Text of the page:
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Athletes or fans regularly invoke the name of God as an expletive of frustration in sports, but rarely think about whether God has anything to do with the game at all. The narrative of the American Dream that culminates in individual happiness offers a starkly different framework for sports than the story of God’s kingdom as told by the Jewish messiah. As a child growing up in the church, my pastor had a small rotation of canned jokes, his favorite of which went something like this: “The Bible does talk about sports, you know?It’s actually in the very first verse of the Bible: ‘In the God created the heavens and the earth.’ ” The notable feature of this (bad) joke is that the punch line is dependent on the assumption that God’s Word does not, in fact, address the world of sports, and especially not in the opening—and therefore very important—chapters of the Bible.The industrial revolution, however, laid the railroad tracks for the professionalization of sports, with the train pulling into the station in the latter half of the twentieth century.
The second response deifies sports, expressing religious devotion and offering sacrifices of money and time at the altar of winning.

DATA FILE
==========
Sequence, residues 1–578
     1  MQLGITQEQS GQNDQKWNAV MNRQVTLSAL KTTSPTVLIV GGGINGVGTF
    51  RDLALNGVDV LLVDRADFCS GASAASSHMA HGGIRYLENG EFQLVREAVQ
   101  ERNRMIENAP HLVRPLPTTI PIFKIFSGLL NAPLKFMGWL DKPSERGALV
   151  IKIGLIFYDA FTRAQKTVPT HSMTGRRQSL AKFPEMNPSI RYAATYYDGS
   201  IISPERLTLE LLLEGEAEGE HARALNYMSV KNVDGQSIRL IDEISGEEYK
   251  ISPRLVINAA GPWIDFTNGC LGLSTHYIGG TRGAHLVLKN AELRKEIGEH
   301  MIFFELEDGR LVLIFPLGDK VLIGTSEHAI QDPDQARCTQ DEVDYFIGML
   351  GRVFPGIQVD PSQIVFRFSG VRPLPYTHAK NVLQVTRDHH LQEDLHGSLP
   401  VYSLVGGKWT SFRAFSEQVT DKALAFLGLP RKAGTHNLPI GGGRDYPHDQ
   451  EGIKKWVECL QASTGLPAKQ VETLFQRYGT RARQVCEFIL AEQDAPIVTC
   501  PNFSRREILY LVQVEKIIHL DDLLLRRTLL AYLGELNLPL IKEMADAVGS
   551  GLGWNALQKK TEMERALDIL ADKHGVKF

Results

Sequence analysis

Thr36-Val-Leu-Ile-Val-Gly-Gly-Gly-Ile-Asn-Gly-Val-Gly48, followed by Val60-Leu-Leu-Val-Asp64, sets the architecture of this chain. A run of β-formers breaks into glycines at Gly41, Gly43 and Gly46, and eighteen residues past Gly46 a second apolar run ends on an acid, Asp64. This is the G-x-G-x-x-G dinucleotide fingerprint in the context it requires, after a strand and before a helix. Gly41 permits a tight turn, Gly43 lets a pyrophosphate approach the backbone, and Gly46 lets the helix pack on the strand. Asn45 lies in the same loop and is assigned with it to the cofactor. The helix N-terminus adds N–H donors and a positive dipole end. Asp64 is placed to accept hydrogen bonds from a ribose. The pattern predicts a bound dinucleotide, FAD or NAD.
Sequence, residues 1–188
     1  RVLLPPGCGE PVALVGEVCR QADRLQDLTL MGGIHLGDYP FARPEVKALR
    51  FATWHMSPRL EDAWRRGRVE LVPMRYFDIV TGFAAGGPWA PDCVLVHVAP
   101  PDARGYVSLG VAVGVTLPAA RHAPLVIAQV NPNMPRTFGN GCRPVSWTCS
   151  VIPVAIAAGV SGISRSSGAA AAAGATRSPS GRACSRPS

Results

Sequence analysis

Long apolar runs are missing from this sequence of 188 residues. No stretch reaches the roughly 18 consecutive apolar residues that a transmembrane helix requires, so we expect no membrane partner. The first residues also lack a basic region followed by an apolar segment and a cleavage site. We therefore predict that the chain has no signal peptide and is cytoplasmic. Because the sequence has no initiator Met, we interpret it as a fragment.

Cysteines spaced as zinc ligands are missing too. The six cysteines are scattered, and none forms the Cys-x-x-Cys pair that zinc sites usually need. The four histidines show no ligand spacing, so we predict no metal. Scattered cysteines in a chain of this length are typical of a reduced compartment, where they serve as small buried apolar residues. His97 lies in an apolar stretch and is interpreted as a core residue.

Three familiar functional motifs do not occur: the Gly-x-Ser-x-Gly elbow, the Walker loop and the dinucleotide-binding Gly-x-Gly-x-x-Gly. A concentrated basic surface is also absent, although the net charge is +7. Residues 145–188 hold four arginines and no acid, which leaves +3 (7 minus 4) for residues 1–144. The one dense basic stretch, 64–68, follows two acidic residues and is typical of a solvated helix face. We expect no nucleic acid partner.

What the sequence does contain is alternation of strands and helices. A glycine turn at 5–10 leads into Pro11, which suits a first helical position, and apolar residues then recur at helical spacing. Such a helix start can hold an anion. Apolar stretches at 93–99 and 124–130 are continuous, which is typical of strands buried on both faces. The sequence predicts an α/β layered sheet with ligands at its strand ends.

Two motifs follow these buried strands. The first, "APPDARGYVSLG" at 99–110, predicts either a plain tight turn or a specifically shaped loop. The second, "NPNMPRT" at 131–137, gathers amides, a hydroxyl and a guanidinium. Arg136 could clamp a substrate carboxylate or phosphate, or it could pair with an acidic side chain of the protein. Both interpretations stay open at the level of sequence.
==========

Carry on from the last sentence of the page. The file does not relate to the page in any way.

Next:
When viewed through the lens of Scripture, however, we will see that sport is more than a game, less than a god, and when transformed by the gospel can be received as a gift.
Moreover, the most popular sporting event—the gladiator games—involved throwing Christians into the ring with wild bears and lions.
Broadly speaking, throughout history the church has had an overall negative or dismissive view of sports—the devil’s workshop at worst and a secular means to an evangelistic end at best.6 John Calvin played a bit of bocce ball, Dietrich Bonhoeffer a little tennis, but in the early years of America the serious-minded Puritans put sports almost completely outside of God’s will.7 Up until the late eighteenth century, sports were for the most part recreational.
There seem to be two polar responses: some dismiss sports as merely a game, while others worship sports as nearly a god.
The first response minimizes sports as a childlike activity, good for passing time but largely insignificant for the deep matters of life.
Abstract: Sports have captured the minds and hearts of people across the globe but have largely evaded the attention of Christian theologians. There seem to be two polar responses: some dismiss sports as merely a game, while others worship sports as nearly a god.
Building upon Johan Huizinga’s classic definition of play, Erik Thoennes says, “Play is a fun, imaginative, non-compulsory, non-utilitarian activity filled with creative spontaneity and humor, which gives perspective, diversion, and rest from necessary work of daily life.”10 At the core of the definition of play is that it is autotelic; it is for its own purposes.
Play need not be justified by its effects, be it psychological (peace of mind), physical (better health), social (learning teamwork), etc.; it is simply creatively delighting in and enjoying God’s good creation for its own sake.11 In short, we are created to play.